Syria is certainly the most deadly conflict in the world today and the most underserved in terms of international humanitarian assistance. Exposed to violence and lack of essential services, millions of Syrians, living under the authority of opposition groups, have almost no access to international humanitarian relief. Since the beginning of the year, fewer than twenty UN and ICRC convoys have managed to cross the frontlines. Only a large-scale cross-border supply operation can meet the needs resulting from the fighting, widespread destruction, population displacement, the collapse of public services, and ever-worsening shortages of essential goods in the opposition territories.
Yet, the scaling up of aid operations across Syrian borders is unlikely to happen. UN agencies and the ICRC believe that their diplomatic status (and the balance of power in the international arena) prevents them from operating in opposition-held territories without the consent of the Syrian government or a binding Security Council resolution. Only a limited number of international NGO are operating cross-border, including MSF which runs six hospitals. The deployment of more NGOs is as much hampered by the lack of funding and the semi-clandestine nature of their operations as by insecurity. The bombings are particularly intense and violent, and the risk of kidnapping is a deterrent for most of NGO personnel. The growing influence of radical groups within the opposition of radical groups and the complexitiesy of relationsdealing with the constellation of armed groups and networks that make up the opposition, Syrian revolutionaries do not encourage NGOs to take risks.
In the short term, the scaling up of aid can only come from Syrian networks of doctors, businessmen, local coordination committees, justice courts, and armed groups amongst others, all of which are engaging to varying degrees in the provision of basic public services (health posts and hospitals, garbage collection, maintenance of water and sanitation, industrial bakeries distributing bread at subsidized prices, financial and material assistance to the families of “martyrs” or displaced etc.). We must recognize that Syrian diaspora groups , like the Union of Syrian Doctors (UOSSM) have certainly contributed much more to increasing access to medical services than all of the MSF sections combined.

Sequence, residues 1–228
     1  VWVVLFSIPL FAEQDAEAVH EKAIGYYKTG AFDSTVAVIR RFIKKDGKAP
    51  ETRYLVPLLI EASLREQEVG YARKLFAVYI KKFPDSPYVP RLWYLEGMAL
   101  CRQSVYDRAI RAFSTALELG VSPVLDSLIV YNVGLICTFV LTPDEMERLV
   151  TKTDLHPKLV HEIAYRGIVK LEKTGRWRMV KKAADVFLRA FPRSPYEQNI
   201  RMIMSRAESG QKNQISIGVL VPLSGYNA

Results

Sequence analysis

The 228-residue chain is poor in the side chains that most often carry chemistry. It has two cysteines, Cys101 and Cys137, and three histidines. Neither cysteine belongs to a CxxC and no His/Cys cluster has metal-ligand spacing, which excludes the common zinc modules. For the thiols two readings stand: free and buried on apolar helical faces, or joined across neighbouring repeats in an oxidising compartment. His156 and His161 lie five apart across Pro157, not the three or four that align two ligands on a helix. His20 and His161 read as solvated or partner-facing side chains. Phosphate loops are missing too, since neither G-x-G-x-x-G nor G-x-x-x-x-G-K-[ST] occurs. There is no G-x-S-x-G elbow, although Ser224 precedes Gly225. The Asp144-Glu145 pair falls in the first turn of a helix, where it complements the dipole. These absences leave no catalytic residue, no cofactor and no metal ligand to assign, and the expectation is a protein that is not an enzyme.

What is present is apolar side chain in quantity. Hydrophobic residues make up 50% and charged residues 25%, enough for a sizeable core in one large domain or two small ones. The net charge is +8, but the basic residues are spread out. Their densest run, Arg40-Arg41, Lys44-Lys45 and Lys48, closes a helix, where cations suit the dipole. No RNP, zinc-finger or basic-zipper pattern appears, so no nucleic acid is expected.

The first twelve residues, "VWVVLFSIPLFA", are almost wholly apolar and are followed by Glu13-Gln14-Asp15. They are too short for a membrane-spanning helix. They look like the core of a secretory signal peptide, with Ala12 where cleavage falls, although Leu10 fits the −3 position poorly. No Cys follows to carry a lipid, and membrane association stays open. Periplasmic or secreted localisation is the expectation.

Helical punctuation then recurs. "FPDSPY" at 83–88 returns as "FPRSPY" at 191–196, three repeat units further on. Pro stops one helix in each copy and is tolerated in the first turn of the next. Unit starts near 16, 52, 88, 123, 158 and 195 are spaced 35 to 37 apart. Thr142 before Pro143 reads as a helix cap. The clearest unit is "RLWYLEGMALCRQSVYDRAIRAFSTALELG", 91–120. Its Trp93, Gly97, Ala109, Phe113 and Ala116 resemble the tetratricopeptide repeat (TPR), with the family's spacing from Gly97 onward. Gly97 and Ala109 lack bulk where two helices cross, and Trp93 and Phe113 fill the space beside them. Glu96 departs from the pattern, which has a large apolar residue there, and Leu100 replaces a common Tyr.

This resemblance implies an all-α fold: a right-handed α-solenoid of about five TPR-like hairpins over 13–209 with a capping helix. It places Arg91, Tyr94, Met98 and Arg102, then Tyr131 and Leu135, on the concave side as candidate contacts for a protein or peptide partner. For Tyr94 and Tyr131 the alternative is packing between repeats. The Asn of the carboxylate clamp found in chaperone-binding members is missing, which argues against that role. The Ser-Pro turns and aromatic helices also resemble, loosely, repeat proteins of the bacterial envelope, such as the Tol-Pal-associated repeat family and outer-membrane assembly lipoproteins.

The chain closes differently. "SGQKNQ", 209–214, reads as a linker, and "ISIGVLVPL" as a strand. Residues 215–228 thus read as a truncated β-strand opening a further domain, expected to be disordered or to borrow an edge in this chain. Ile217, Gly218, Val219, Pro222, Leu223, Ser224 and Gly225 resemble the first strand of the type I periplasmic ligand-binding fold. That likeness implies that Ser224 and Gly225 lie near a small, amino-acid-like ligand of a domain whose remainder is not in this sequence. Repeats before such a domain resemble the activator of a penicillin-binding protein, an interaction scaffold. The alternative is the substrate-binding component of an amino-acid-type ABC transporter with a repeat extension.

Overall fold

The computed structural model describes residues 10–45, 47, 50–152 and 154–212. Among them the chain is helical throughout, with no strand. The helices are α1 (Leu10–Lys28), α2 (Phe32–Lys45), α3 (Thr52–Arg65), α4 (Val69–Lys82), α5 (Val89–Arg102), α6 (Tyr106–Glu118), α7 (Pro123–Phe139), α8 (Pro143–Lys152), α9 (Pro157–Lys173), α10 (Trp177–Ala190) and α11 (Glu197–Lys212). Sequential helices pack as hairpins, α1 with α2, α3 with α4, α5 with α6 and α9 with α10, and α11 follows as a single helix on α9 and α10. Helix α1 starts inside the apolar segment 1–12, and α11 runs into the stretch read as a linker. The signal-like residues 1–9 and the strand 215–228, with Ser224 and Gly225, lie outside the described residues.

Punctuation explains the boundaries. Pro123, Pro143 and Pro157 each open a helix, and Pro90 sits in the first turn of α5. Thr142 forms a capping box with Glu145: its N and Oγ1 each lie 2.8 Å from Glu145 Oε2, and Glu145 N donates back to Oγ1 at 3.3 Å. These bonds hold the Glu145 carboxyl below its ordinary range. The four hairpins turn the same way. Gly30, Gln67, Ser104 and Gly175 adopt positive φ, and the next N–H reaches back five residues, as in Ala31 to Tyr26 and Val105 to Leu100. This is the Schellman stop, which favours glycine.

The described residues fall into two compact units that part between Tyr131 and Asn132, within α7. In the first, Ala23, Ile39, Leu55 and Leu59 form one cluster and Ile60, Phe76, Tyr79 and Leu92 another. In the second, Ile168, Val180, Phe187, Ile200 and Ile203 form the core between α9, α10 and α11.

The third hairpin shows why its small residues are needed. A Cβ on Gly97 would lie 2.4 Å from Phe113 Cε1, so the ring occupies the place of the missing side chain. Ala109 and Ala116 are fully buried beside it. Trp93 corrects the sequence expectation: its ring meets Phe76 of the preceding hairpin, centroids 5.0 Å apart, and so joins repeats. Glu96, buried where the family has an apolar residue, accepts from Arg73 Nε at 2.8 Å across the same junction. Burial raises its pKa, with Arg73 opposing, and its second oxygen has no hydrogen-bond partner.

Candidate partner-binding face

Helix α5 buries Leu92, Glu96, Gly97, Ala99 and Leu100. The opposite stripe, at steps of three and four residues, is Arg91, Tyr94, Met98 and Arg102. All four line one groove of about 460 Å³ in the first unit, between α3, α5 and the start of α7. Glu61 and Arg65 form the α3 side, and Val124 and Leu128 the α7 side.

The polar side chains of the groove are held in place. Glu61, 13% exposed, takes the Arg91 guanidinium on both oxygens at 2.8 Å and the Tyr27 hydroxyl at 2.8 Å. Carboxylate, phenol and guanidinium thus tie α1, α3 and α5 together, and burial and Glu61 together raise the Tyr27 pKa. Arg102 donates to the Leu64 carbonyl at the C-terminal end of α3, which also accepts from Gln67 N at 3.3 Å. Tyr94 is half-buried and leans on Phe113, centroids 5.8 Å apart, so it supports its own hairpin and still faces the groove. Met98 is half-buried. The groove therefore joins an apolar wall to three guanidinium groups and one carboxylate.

The only realistic way to increase aid in the rebel zones today is to support Syrian Diaspora networks, even if this results in some cases in aid diversion and the strengthening of political networks. France, the United States, and Turkey have all adopted this strategy not only to help the population, but to contain the crisis within Syrian borders and to foster the emergence of a “friendly” rebel administration.
Many within the humanitarian community have criticized this strategy because it “politicizes” humanitarian assistance. This position is highly questionable: first, it assumes that assistance to populations should be the monopoly of humanitarian organizations; second, it opposes the only policy which is likely to increase desperately needed medical aid, food, energy and material assistance to victims of the conflict in the rebel zones. While the deployment of international humanitarian workers is urgently needed to help Syrians to cope with the magnitude of the crisis, assistance delivered through political and solidarity channels remains the main lifeline for millions of Syrians in opposition held areas.
The views expressed in this article are the author’s, and do not necessarily represent the institution.